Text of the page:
The European Union (EU) is lifting the air travel ban on southern African countries, according to France, which currently holds the union’s presidency. The EU is following in the footsteps of the UK, US and others in reducing measures they had adopted to curb the spread of covid-19’s omicron variant.
In a tweet, France said EU member states agreed on Jan. 10 to lift the restriction to allow air travel to resume with the African countries. Travelers from southern African, it added, will now go through health measures applicable to those from third countries—non-EU members and countries whose citizens do not enjoy the EU right to free movement. According to EU requirements, people traveling from any country need to have tested negative for covid-19 in a PCR test taken at most 72 hours before arrival.
In November, countries around the world rushed to restrict travel from southern African countries after Botswana and South Africa detected the omicron variant. The EU closed its doors to Botswana, Eswatini, Lesotho, Mozambique, Namibia, South Africa, and Zimbabwe.
In reaction, African leaders described the bans as discriminatory and unjust, and people were concerned that the restrictions would discourage other countries from reporting variant cases as they may be punished through travel restrictions. Science experts have questioned the effectiveness of the bans, and the World Health Organization urged countries to avoid “knee-jerk responses” to omicron’s discovery.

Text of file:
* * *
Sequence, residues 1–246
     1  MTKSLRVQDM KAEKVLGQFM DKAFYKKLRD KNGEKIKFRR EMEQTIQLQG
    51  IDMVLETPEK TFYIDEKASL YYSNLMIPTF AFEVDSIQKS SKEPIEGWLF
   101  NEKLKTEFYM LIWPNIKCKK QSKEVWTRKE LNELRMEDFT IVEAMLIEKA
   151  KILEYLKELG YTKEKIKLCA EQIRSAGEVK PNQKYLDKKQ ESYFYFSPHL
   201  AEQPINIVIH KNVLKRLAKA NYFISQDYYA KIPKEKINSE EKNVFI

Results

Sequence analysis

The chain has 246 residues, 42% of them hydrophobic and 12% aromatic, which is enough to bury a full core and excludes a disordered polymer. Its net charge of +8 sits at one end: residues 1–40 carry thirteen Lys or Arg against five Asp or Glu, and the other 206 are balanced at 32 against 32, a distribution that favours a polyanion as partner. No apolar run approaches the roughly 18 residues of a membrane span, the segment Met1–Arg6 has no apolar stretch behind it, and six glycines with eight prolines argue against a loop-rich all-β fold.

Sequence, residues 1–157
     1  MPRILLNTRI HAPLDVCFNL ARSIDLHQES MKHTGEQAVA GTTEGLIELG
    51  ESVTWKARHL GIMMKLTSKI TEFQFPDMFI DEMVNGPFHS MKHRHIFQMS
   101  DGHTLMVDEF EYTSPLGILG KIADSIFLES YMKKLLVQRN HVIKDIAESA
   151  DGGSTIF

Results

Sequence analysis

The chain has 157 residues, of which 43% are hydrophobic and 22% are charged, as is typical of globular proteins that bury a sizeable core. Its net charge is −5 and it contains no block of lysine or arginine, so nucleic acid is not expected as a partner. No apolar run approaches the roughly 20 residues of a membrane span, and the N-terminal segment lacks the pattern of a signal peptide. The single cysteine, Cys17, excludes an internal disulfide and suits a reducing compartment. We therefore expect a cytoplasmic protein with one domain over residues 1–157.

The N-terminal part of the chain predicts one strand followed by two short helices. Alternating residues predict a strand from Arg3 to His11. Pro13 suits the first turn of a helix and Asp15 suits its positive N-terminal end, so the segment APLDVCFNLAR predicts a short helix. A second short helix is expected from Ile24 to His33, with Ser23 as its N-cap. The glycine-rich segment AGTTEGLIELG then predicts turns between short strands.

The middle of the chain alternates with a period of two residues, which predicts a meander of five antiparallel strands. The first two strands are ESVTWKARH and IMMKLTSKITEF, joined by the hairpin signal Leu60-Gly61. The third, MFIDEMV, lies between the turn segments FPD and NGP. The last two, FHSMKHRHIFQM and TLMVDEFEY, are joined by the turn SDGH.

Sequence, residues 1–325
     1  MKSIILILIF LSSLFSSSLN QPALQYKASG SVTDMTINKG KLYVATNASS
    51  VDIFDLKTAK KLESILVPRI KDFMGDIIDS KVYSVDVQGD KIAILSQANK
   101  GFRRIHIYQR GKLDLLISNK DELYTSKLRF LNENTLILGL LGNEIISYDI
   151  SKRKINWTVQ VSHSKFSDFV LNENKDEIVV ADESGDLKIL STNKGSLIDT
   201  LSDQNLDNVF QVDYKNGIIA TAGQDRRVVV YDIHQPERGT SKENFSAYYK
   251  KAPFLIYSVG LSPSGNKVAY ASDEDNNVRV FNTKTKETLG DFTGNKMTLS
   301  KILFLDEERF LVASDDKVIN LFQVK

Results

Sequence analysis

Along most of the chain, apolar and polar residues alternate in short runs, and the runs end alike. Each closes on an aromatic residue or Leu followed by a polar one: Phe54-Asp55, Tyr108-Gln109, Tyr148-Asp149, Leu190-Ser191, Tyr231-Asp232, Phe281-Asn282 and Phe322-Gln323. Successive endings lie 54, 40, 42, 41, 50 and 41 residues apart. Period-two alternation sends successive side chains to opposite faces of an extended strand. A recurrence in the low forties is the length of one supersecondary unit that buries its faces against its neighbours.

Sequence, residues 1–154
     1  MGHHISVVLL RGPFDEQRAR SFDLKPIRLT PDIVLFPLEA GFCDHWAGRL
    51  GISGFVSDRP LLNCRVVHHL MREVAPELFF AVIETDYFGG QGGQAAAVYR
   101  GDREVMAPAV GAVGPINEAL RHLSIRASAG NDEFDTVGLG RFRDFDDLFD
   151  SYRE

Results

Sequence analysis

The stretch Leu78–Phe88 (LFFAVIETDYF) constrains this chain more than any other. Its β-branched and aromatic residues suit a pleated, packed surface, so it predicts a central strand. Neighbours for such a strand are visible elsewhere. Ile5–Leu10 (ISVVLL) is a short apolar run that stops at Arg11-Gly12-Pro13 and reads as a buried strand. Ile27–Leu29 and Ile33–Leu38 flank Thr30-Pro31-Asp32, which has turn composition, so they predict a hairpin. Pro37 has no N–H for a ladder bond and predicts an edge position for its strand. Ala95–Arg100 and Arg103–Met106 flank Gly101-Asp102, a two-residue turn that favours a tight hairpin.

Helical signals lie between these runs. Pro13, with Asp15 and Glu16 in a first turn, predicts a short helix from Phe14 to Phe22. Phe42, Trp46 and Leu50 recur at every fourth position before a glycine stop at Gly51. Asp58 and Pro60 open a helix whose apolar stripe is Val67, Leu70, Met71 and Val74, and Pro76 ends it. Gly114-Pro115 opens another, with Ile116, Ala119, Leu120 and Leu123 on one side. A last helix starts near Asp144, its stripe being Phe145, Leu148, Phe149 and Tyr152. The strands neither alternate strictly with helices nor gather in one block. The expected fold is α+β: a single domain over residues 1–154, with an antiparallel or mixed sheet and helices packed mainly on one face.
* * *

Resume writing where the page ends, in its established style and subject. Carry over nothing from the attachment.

Last month, the EU’s commissioner for justice, Belgium’s Didier Reynders, said his country was pushing to lift the travel ban, describing it as “inefficient.”
Omicron surged around the world within a few weeks, leading to millions of new cases. The lifting of the EU ban comes as the variant’s outbreak declines in South Africa.
Sign up to the Quartz Africa Weekly Brief here for news and analysis on African business, tech, and innovation in your inbox.